COVID-19 cases at North Carolina universities cause county totals to spike

CHAPEL HILL, N.C. (WTVD) -- With 1,101 reported student cases to date and COVID-19 clusters in 10 residence halls, it's clear to Orange County officials that the decision to reopen UNC, even for just a few weeks, had an effect on the spread of COVID-19 in the county.

"The 18-24 age group as a percent of cases doubled in about three weeks so clearly that was the driving factor. We can't specifically say X amount of cases were from UNC but that age group being the one that exploded as the number of positives is kind of an indicator," said Orange County Community Relations Director Todd McGee.

In the weeks following Memorial Day weekend and as North Carolina entered Phase 2, Orange County kept cases rising at a slower rate than the rest of the state.

However, in mid-August, as the rest of the state started to stabilize, Orange County saw a sharp spike in cases--in the week of August 19, cases rose 15%. The following week, that rate of increase more than doubled to 34%.

To date, there are more than 1,160 cases connected to the university. McGee said it's hard to say what percentage of Orange County's cases are associated with UNC, because many professors live in surrounding counties and students may use their home address instead of their address while at school.

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However, several weeks after both UNC made the decision to transition classes online and move students out of residence halls, the county's case increase rate has decreased to a level more in-line with the rest of the state--just a 5% increase between September 2 and September 9.

McGee said the county is still in contact with UNC officials and is hosting a weekly testing event in Chapel Hill. Furthermore, the university began voluntary daily testing for students without COVID-19 symptoms this week at the Campus Health to preemptively identify cases in residence halls. In a statement, UNC Provost Robert A. Blouin said a similar program will be set up of students who live off-campus in the next few weeks.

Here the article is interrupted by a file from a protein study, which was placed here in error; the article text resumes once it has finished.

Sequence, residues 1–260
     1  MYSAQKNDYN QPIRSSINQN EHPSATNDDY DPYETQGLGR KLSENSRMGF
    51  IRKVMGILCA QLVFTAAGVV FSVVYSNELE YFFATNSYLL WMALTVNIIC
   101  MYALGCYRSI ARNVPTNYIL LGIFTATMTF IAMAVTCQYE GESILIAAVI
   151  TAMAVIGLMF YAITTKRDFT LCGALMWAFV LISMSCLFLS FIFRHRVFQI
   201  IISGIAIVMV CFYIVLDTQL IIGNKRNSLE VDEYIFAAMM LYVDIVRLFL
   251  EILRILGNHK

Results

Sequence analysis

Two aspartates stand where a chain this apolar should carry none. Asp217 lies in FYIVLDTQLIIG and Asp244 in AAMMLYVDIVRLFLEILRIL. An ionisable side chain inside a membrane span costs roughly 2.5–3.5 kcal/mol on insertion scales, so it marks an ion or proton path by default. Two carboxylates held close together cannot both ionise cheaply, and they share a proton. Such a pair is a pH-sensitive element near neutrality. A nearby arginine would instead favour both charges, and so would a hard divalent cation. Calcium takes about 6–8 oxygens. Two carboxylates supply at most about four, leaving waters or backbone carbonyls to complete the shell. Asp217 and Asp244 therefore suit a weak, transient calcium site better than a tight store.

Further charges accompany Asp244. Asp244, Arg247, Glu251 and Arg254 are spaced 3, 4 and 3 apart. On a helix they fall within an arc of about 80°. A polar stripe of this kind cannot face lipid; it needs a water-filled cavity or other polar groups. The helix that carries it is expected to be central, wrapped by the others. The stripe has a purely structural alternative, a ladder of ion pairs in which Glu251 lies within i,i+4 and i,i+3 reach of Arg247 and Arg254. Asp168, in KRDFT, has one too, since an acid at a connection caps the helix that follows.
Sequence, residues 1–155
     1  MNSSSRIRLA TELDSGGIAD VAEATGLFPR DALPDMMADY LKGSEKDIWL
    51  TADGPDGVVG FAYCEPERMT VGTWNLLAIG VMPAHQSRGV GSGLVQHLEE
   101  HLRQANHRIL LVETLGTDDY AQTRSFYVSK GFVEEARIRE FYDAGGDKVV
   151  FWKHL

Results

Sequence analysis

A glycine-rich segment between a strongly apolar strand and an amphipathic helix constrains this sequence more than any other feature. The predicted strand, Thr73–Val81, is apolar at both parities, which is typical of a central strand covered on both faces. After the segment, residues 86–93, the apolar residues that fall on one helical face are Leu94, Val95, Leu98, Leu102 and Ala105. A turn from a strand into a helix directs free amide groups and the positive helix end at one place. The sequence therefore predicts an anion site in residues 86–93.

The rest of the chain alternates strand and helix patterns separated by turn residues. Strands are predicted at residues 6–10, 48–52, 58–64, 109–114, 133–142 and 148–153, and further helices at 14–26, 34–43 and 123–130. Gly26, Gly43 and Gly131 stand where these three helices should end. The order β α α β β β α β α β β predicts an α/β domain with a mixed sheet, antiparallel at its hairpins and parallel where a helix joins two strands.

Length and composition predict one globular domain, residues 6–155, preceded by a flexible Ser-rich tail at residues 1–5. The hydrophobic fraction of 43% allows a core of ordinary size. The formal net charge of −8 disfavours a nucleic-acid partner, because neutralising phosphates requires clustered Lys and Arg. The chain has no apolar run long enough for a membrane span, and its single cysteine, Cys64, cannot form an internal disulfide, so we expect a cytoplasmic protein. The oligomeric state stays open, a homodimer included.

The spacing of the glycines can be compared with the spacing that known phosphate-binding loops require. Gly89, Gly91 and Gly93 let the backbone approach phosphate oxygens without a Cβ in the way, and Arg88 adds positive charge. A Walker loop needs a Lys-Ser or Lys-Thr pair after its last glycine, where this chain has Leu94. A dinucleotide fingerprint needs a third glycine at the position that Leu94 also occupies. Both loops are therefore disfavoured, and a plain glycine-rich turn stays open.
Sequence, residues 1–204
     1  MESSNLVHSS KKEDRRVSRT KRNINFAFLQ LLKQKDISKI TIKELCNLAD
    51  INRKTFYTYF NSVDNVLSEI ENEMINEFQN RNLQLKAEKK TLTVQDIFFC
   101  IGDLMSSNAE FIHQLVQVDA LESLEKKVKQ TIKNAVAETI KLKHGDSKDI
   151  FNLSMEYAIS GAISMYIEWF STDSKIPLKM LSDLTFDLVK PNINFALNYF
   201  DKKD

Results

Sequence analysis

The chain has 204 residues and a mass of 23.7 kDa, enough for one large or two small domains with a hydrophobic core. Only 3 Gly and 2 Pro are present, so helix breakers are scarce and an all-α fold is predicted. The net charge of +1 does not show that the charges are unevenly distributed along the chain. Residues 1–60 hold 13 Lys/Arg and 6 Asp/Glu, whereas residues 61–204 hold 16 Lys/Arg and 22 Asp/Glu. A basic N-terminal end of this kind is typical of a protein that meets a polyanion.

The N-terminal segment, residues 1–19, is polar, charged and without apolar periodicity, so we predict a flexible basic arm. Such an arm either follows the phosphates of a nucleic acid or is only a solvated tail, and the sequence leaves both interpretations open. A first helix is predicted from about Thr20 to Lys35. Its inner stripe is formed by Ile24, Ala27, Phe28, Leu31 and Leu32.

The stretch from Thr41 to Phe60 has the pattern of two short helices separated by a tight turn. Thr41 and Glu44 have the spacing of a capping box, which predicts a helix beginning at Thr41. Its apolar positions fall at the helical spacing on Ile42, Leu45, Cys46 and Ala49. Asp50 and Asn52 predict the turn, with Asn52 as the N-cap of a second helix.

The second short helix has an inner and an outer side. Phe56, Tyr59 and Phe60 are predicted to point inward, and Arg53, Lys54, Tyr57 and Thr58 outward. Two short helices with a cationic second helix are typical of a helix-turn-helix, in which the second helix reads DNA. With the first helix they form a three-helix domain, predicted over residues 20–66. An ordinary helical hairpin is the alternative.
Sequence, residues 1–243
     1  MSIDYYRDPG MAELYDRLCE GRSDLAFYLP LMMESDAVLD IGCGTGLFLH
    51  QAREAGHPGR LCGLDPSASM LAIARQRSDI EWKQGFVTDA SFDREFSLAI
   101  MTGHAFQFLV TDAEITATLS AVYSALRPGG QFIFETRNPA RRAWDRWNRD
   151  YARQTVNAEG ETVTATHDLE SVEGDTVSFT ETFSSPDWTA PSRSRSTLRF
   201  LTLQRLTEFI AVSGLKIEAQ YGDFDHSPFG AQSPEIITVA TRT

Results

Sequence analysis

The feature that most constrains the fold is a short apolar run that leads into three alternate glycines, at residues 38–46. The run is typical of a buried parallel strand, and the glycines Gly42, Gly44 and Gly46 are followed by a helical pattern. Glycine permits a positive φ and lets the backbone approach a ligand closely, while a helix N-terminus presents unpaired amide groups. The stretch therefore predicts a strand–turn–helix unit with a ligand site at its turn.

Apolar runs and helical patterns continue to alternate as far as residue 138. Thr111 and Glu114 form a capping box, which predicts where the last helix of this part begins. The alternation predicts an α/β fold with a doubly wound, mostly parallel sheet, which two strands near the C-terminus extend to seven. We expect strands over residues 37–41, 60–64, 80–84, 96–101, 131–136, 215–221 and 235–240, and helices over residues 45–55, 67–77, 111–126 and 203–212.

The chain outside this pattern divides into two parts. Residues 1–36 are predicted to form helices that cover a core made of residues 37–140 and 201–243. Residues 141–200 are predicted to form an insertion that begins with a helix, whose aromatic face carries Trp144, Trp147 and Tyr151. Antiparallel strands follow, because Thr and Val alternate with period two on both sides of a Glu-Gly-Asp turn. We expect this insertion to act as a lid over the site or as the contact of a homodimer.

"We just want to keep those numbers driving down," McGee said.

Wake County and Pitt County, home to North Carolina State University and East Carolina University respectively, also saw similar spikes in cases in August. For comparison, Johnston County, which has no major universities, did not have a spike in cases in August.



In Wake County, the number of new cases added each week had been decreasing in early August. However, by August 26--two weeks after NC State students started classes, the county reported more than 1,200 new cases, compared to 744 the week before.

"As we saw the spike, we began to identify cases and follow our proper procedures and doing the assessments on them and monitoring and isolating for those cases," said Dr. Nicole Mushonga, a representative for the Wake County Health Department.

Though the spike in cases at NC State didn't have the same magnitude of an effect on Wake County's numbers as UNC had on Orange County, McGee said the difference in county population could explain why Orange County's cases increased at a much higher rate than Wake County's.

"You look at Wake County and the population is about a million, so you know NC State's 30,000 students is 3% of the population," McGee said. "When you look at Orange County, our population is around 150,000 or so and 30,000 UNC students, that's 20% of the population. I think it was just a matter of numbers."

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This week--two weeks after NC State Chancellor Randy Woodson moved courses online, Wake County only reported 624 new COVID-19 cases. But Mushonga warned that decrease isn't an excuse to become complacent.

"We really just have to continue to be vigilant in those preventative measures and to not let our guards down and just to continue with the three W's," Mushonga said.

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However, Durham County did not see an increase in cases in August--in fact, cases declined throughout the month, even though the county is home to both Duke University and North Carolina Central University.

Duke University is still operating in-person classes, however, the school was one of just a few that required students and faculty to be tested for COVID-19 before returning to campus, and is still conducting ongoing testing. To date, the university has reported 52 cases since the start of the school year.
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